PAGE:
A Colombian photographer and blogger’s around-the-world trip in her vintage Mercedes Benz has come to an abrupt end, after a car crash in the West Bank left her seriously injured and the nearly 60-year-old collector’s item in shambles.
Ana Lucia Perez, 59, was hospitalized in Jerusalem after a head-on collision outside the settlement of Kfar Adumim last Friday, according to a Yedioth Ahronoth daily report Tuesday. The crash left two other people lightly hurt.
According to the paper, Perez drove across South America; from South Korea across Russia; as well as through numerous other countries in Europe and the Middle East, including Iceland, Poland, the Czech Republic, Finland, Azerbaijan, Turkey and Greece.
Her photographs and travels are documented on an Instagram and Facebook page dubbed “Lucane and Merce,” the latter a nickname for the 1960 Mercedes.
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Buen viento y buena mar Merce! See you in South Korea! #travel #traveling #photooftheday #travelinglady #letsgoeverywhere #backpacker #backpackers #travelgirl #traveladdict #girlswhotravel #darlingescapes #lovetotravel #thetravelwomen #wearetravelgirls #dametraveler #ladiesgoneglobal #sheisnotlost #globelletravels #sheexplores #girlvsglobe #femmetravel #girlsborntotravel #girlslovetravel #girlsjustwannatravel #bucketlist #jetsetter #dreamcatcher #bluemosque #surroundmewithwater
On December 25, she shipped her car to the Haifa port to continue her journey.
“At the Kfar Adumim junction, I remember that I turned left toward Jerusalem, when suddenly a car came toward me. I didn’t see lights or anything signaling its arrival,” she told Yedioth in the Hebrew-language article. “I was hit hard and from then on I don’t remember anything.”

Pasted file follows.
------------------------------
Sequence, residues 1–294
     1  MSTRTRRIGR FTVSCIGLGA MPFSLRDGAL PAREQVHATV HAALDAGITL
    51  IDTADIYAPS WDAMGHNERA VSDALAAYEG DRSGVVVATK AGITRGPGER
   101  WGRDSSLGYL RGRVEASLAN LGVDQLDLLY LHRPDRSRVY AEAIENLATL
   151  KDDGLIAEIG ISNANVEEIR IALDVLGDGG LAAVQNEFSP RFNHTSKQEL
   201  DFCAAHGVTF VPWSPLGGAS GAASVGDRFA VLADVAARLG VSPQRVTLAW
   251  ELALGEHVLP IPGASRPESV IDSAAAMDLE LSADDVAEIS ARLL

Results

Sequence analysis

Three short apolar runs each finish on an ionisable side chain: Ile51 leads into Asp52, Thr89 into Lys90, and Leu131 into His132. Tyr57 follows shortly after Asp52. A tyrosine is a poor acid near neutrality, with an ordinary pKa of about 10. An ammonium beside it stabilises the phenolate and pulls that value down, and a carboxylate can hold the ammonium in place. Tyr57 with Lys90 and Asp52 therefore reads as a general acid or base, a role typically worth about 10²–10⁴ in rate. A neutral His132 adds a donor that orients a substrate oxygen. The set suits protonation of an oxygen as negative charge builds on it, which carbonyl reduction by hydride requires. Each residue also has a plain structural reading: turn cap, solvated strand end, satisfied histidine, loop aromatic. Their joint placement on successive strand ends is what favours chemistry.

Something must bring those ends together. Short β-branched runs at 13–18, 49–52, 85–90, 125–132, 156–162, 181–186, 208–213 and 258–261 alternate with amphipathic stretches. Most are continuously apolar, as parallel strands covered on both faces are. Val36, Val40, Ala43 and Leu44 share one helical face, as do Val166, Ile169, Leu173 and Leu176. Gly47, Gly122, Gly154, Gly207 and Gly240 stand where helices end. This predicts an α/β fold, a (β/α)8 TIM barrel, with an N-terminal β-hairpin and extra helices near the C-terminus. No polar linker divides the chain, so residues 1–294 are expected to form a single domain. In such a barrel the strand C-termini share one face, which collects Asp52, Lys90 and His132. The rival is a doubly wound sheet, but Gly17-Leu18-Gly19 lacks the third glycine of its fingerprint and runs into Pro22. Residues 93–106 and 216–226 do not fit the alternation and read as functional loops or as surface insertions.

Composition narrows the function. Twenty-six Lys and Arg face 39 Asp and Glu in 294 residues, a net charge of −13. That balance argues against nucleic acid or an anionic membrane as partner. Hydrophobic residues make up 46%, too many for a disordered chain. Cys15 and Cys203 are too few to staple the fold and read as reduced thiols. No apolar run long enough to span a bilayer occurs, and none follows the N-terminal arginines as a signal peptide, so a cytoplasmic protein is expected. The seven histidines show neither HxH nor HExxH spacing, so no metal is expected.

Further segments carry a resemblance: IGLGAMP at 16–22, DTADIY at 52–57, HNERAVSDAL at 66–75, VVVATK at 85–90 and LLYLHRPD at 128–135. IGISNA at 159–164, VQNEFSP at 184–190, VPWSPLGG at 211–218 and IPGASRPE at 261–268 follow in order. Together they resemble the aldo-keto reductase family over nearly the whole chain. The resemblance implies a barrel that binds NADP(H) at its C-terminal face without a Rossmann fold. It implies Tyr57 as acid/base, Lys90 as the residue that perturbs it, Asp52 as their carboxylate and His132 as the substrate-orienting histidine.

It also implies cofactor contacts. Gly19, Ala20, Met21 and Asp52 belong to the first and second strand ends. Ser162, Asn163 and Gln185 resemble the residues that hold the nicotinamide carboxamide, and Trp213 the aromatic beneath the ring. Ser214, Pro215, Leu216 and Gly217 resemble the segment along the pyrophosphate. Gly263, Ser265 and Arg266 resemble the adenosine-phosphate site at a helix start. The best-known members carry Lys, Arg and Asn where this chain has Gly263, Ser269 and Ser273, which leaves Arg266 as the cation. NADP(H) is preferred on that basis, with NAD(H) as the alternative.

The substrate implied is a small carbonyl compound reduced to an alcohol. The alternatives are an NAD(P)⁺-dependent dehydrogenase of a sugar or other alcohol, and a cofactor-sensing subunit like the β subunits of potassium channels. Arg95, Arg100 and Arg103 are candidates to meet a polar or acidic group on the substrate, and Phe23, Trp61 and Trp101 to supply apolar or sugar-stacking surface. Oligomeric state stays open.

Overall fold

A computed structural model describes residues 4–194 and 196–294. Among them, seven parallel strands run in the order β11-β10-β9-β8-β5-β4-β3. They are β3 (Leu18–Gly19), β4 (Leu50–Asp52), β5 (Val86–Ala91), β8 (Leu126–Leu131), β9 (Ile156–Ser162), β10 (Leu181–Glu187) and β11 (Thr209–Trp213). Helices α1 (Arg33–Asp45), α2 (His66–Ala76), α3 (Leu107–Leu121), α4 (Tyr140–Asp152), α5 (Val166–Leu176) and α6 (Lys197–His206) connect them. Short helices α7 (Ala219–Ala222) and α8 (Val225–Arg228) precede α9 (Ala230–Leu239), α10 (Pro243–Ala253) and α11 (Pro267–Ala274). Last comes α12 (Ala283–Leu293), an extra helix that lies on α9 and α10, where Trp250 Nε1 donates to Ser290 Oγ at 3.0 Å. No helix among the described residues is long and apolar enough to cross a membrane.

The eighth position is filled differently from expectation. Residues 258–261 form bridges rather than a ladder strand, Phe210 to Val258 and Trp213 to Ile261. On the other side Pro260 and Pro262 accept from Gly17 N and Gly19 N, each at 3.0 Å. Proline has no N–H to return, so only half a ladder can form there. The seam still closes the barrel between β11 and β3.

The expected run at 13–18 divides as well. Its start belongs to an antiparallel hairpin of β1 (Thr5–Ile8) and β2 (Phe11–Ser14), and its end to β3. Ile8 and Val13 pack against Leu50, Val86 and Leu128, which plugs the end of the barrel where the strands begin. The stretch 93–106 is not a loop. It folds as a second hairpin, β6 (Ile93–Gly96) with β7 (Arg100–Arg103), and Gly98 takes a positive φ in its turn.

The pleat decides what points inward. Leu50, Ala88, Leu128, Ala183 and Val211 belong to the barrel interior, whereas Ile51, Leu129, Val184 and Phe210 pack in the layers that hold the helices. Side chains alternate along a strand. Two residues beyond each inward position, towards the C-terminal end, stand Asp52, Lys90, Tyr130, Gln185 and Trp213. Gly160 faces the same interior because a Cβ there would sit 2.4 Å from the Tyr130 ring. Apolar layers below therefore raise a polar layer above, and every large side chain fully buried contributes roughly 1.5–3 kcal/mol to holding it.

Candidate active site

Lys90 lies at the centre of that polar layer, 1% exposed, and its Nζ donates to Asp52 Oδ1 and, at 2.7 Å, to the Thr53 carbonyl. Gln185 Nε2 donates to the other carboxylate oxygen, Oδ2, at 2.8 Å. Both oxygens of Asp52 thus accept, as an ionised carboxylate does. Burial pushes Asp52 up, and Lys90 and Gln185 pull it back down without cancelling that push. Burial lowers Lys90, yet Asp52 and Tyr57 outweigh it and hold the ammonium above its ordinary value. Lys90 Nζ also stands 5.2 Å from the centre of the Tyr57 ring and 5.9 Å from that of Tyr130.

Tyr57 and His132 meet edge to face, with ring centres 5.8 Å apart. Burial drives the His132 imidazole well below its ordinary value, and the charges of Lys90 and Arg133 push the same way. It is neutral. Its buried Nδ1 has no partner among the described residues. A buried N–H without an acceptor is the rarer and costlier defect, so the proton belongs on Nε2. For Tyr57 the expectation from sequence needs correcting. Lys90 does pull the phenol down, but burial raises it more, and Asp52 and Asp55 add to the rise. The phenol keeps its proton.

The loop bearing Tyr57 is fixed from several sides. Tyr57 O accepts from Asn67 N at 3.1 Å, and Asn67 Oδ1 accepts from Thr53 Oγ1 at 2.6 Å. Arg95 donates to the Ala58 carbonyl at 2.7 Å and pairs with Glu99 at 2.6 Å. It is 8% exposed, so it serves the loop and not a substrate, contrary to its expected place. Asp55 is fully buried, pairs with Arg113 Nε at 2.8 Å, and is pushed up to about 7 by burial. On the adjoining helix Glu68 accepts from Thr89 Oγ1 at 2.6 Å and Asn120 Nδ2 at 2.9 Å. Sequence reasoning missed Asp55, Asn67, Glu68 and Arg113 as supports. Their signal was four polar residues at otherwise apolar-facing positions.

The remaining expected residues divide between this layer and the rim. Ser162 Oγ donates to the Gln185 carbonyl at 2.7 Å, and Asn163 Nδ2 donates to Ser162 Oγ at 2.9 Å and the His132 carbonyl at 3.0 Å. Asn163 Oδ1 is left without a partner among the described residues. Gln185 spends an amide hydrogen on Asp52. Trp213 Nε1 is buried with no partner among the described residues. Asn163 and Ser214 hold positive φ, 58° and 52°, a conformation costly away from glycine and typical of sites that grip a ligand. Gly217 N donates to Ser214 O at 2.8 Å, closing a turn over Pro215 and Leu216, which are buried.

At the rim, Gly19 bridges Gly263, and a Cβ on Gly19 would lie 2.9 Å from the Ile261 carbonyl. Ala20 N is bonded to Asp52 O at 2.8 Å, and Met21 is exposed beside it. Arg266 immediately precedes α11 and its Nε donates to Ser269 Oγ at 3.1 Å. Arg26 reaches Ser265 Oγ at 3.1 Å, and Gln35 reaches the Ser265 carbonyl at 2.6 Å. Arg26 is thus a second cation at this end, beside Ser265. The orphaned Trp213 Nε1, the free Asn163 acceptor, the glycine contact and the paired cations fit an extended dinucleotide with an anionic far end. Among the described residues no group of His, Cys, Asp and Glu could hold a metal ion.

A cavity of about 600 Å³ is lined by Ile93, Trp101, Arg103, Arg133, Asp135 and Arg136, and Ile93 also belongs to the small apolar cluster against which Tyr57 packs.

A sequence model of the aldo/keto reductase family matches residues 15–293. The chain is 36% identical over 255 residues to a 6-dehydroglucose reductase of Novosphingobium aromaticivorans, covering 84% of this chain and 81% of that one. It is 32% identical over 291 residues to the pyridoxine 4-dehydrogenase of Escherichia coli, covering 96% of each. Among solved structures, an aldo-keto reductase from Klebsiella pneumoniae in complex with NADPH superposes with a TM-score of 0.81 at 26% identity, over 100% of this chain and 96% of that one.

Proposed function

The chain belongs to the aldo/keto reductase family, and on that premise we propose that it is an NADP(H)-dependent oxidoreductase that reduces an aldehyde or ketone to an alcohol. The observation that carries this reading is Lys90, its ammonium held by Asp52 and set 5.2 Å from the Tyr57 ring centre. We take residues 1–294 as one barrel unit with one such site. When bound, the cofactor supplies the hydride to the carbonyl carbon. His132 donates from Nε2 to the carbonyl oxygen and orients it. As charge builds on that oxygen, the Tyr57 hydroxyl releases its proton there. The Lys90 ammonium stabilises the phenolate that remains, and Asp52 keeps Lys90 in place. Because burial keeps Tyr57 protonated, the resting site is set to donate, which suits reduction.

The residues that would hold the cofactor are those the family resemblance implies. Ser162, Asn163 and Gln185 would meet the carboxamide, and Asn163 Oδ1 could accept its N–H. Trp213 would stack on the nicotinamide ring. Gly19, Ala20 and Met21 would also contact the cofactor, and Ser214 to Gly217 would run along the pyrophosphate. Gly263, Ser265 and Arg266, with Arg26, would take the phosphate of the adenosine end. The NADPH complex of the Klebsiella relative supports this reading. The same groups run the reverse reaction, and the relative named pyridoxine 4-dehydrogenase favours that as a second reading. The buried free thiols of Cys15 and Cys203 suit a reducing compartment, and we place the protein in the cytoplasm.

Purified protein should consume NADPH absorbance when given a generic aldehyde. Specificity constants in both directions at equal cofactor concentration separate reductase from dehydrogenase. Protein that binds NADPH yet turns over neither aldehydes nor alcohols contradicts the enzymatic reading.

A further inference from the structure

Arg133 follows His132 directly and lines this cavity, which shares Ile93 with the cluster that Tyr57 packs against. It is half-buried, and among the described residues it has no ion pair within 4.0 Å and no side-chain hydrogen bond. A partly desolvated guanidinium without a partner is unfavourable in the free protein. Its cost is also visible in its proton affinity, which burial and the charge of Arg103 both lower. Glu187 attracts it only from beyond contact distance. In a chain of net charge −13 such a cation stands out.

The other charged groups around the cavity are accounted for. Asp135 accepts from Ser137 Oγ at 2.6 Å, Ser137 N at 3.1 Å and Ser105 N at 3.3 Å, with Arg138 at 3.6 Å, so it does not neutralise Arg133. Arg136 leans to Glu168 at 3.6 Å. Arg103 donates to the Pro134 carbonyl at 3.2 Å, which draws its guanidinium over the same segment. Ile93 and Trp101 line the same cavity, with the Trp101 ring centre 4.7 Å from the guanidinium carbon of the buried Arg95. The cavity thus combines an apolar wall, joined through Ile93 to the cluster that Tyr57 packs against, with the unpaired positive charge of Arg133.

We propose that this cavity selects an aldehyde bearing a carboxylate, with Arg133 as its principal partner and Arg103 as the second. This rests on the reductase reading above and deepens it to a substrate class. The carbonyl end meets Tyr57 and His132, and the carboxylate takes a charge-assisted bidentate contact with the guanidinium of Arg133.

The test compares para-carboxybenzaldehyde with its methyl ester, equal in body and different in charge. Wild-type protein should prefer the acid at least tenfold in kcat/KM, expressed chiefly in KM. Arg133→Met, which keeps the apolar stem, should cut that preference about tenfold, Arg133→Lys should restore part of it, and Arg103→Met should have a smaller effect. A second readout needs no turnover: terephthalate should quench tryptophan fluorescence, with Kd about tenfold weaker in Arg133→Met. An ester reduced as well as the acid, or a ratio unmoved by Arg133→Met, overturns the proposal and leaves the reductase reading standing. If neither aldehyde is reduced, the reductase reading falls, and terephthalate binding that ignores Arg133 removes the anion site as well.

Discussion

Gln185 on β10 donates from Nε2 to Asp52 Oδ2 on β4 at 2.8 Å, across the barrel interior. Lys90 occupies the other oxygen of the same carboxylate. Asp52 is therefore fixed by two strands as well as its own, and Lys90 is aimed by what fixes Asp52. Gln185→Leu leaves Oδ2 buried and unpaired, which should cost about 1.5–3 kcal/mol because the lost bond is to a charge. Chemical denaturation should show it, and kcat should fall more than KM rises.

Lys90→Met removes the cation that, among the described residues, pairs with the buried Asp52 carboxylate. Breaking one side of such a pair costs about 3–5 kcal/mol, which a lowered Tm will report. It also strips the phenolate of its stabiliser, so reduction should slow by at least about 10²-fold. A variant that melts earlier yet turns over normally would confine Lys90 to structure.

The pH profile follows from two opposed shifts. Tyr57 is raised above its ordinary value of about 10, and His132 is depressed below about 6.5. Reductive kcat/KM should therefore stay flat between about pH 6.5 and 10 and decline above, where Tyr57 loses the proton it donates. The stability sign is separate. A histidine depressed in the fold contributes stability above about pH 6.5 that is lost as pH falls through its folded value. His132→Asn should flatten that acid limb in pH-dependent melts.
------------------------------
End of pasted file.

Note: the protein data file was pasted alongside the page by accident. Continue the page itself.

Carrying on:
Photographs from the scene showed the iconic collector’s car almost completely destroyed.
West Bank roads can be notoriously dangerous, with a higher proportion of fatalities than on roads inside the Green Line. Most roads are a single lane in each direction with no dividers and plagued by reckless driving and little enforcement.
There were no immediate details on the car and driver that hit her.
“The car saved me from death,” she said. “It contains larger amounts of metal than new cars, and this protected me during the accident. The doctors said it’s a miracle that I can walk.”
She told the paper that while she was thankful to be alive, the damage to the car — which she bought 30 years ago for $1,500, coinciding with the birth of her oldest son — was devastating.
“This car is very dear to my heart, we’ve been through innumerable experiences together,” she lamented.